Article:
Indie coming of age drama “Blue Potato” has partnered with Terra Blues potato chips to promote and market the movie — even though the film hasn’t yet signed a distributor.
“Blue Potato” tells the story of 17-year-old (Callan McAuliffe), a headstrong teen working his final potato harvest to earn enough money to escape the pitfalls and boredom of his struggling northern Maine town while he fights to save his reckless best friend (Emory Cohen), who is drawn into smuggling illegal prescription drugs across the Canadian border with his outlaw father.
The blue potatoes used in making the Terra Blues chips are grown in Van Buren, Maine on a farm where production on “Blue Potato” took place int the fall. The Terra Blues chips are the official snack of JetBlue Airways.
“This is an incredibly rare opportunity to have this kind of unique partnership that allows for creative marketing that will now minimize risk, maximize our audience reach, and reduce the marketing costs that hinder so many other independent films as they’re distributed,” said Gita Pullapilly, who co-directed and co-wrote with Aron Gaudet.
Pullapilly told Variety that having a marketing partner already on board will make the film more attractive to distributors.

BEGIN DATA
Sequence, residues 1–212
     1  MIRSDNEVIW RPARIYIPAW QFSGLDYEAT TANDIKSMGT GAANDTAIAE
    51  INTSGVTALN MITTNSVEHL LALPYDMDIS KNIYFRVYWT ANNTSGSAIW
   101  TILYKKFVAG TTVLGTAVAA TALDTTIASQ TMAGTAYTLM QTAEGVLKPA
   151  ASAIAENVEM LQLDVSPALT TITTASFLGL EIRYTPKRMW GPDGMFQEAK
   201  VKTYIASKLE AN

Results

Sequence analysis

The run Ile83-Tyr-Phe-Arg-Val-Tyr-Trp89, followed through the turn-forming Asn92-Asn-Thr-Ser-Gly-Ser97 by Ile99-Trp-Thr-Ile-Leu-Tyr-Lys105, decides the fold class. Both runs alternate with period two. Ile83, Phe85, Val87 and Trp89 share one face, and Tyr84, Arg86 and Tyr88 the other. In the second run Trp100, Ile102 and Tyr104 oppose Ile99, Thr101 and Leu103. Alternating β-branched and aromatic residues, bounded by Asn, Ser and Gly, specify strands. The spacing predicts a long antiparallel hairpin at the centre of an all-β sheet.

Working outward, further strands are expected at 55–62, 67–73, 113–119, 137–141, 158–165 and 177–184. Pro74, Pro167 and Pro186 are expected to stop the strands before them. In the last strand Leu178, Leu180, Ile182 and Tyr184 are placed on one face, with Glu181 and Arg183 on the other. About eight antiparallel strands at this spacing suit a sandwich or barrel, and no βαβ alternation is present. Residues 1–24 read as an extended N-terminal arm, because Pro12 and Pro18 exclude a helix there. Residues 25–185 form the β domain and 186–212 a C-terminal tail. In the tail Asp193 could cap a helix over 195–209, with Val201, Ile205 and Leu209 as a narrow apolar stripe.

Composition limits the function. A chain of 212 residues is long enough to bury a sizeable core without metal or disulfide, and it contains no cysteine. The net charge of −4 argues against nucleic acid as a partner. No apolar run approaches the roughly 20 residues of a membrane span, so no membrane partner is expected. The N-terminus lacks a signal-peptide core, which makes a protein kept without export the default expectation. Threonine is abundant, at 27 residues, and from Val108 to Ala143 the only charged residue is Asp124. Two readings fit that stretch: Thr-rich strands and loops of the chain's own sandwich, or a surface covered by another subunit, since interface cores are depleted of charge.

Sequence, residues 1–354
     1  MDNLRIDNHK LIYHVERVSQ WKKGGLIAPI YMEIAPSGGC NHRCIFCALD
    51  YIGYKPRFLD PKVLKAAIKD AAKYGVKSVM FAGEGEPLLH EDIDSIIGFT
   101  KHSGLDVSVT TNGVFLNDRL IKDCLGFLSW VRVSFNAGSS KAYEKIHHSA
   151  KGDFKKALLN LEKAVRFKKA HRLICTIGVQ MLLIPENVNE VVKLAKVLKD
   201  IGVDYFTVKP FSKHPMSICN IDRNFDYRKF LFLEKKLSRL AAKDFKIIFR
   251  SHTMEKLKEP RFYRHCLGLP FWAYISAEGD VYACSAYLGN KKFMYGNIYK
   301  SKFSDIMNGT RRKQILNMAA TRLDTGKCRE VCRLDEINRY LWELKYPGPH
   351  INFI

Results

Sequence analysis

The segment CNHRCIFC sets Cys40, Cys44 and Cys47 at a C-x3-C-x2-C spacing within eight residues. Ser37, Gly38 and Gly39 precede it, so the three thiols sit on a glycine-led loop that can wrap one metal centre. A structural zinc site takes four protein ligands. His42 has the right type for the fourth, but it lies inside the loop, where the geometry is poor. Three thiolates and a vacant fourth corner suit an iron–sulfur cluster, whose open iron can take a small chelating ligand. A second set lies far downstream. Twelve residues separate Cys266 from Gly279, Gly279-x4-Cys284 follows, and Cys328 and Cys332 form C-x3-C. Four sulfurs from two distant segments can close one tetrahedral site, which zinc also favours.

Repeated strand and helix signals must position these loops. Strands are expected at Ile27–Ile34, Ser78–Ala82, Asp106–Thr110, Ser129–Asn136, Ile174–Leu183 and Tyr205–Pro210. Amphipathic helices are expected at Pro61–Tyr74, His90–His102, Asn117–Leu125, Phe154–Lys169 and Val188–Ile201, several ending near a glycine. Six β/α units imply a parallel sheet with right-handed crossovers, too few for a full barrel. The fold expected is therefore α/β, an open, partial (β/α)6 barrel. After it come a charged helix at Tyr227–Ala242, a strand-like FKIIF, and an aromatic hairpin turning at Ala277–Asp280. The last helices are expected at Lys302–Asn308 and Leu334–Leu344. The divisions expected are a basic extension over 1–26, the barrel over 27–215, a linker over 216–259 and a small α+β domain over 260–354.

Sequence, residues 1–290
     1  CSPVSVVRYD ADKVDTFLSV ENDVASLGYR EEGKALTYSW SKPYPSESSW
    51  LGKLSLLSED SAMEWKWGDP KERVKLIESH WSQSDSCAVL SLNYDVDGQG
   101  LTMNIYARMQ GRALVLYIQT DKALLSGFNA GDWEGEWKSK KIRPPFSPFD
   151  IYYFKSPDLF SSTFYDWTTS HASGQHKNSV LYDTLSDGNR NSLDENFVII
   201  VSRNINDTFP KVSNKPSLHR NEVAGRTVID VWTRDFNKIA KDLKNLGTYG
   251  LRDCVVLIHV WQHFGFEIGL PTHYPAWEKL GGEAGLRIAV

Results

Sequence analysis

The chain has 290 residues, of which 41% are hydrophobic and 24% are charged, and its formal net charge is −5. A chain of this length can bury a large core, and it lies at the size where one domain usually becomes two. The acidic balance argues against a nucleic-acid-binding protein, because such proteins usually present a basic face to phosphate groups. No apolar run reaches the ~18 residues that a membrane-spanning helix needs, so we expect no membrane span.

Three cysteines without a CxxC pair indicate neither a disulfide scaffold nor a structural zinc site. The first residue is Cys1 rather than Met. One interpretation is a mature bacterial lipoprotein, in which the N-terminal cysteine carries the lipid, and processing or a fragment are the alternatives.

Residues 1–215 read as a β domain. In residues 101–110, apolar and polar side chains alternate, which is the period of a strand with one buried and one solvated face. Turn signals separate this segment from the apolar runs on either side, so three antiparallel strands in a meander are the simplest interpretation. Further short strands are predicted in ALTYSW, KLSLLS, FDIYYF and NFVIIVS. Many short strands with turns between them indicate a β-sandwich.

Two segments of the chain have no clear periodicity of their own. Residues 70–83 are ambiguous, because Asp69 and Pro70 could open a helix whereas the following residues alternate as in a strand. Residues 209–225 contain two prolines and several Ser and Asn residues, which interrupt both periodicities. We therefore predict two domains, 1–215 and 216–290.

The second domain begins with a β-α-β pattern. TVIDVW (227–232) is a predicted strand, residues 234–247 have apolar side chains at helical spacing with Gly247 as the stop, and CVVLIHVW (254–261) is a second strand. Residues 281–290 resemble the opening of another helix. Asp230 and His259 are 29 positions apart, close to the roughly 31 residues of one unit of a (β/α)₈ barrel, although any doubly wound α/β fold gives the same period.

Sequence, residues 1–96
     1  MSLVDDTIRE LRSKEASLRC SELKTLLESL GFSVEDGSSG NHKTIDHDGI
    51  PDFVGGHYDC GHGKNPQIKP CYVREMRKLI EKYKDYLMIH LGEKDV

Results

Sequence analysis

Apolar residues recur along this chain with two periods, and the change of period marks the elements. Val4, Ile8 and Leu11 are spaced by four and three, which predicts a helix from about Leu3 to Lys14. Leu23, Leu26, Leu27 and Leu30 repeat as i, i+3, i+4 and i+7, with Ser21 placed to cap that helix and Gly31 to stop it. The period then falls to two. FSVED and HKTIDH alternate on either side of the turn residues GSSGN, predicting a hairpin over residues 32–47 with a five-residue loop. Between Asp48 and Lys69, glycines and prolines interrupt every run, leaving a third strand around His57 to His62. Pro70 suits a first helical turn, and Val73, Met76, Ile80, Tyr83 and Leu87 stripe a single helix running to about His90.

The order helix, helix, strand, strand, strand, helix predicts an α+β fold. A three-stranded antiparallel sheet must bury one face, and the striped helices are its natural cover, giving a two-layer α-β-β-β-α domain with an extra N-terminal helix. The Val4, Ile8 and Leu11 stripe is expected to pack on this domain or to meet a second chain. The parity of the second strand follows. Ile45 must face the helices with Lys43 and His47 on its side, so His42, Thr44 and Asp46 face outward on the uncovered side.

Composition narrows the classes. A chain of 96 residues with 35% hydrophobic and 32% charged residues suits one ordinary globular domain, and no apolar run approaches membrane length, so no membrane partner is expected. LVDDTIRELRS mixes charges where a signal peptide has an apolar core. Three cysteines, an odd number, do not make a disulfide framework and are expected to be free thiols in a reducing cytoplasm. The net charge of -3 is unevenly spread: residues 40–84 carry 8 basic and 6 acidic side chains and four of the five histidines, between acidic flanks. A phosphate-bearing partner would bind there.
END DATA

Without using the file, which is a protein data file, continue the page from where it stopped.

The deal between Sunny Side Up Films and The Hain Celestial Co. calls for Terra Chips to promote and market the movie on the Terra Blues potato chip packaging as well as significant marketing support during the film’s release.
Jared Simon of Hain Celestial said, “By collaborating with our farming partner, the LaJoie Growers family farm in northern Maine, a broad audience will be exposed to the wonderful blue potatoes that we utilize in our signature Terra Blues chips. The film will help showcase the hard work and dedication of family farmers to grow diverse crops that can be enjoyed by consumers around the country.”
“Blue Potato,” currently in post-production, also stars Aidan Gillen, W. Earl Brown, Carrie Preston, Sarah Sutherland and Zoe Levin.
Gaudet and Pullapilly teamed on the Emmy-nominated documentary “The Way We Get By” about a group of senior citizens who gather daily at a small airport to thank American soldiers departing and returning from Iraq.
George Cooke from Manatt, Phelps and Phillips negotiated the deal with Hain Celestial for Sunny Side Up Films.